Orca whales and other European cetaceans are at risk of extinction due to now banned toxic substances still ending up in the water streams and then the seabed.
The substances referred to in the Zoological Society of London, Institute of Zoology study are known as polychlorinated biphenyl (PCBs). The study collected samples from a large swath of cetaceans common to the European coastal waters.
Over 1,000 orca whales, porpoises and dolphins have been sampled in the large-scale study. Polychlorinated biphenyl substances have been traced in all the cetaceans which were found stranded. Bottlenose dolphins, the striped-nose dolphins and orca whales presented high levels of PCBs in their body.
The toxic chemicals are a health hazard animals and the environment as well. High levels of polychlorinated biphenyl attack the immune system. Orca whales and other European cetaceans are at risk of extinction as a faulty immune system leads to reproductive problems. Breeding levels decrease while newborn calf mortality increases. A combination of these two trends could well lead to extinction. The case in point best illustrating the devastating effects of PCBs is that of European orca whales.
Polychlorinated biphenyl substances are organic compounds which during the 1980s were quite the fashion. Used in industrial materials such construction materials, paints or plastic materials, they were banned and with good reason. The health hazard posed by PCBs has long been studied. The toxic chemicals affect us and wildlife equally. Although they are no longer in use, their effects still linger as materials or waste from the 1980s are degrading and ending up in the wastefill.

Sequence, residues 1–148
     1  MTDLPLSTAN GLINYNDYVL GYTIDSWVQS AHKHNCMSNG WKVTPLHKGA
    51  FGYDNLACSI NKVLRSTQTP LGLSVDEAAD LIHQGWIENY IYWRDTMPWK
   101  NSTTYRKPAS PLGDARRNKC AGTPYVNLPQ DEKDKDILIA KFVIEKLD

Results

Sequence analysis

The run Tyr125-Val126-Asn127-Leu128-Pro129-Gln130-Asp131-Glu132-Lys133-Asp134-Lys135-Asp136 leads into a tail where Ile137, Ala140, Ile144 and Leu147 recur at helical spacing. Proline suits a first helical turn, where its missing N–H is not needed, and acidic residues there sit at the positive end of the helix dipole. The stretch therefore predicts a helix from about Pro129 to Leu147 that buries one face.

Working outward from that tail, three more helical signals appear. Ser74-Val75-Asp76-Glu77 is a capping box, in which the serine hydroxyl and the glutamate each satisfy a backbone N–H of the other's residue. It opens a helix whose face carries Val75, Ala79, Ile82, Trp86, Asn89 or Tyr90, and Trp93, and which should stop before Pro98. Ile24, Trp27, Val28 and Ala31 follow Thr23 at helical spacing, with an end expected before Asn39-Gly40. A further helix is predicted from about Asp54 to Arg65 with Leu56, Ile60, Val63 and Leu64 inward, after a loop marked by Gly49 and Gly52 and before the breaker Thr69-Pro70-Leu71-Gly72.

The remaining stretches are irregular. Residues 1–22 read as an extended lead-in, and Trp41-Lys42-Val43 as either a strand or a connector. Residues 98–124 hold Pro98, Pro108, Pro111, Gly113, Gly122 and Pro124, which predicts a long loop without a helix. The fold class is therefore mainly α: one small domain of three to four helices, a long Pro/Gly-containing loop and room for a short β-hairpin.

Left to degrade in unsealed landfills, PCBs wash into water streams and infiltrate the seabed. From here, there is just one step until the toxic chemicals end up in the food chain of cetacean predators. Orca whales, once a populous species hunting for food along the European coastline are now facing alarming drops in population numbers. Dolphins fare better, yet the situation isn’t more encouraging either.
According to lead author Paul Jepson with the Zoological Society London Institute of Zoology, the situation is in fact bleak. Orca whales in industrialized regions in Europe are in danger. Both orca whales and bottlenose dolphins are apex predators. Typically, they also enjoy a long lifespan. However, the accumulation of PCBs in the food chain is dimming the perspectives of the species.
Despite the ban on the use of polychlorinated biphenyl substances and the scalable results in decreased contamination of the environment, these toxic substances are reaching European cetaceans through the food chain.
The study, published in the journal Nature offers possible solutions to tackle European coastal waters contamination with the toxic substances. Among them the research team urges European governments to enact stronger restrictions on the disposal and storage of materials containing PCBs.
Photo Credits: Wikimedia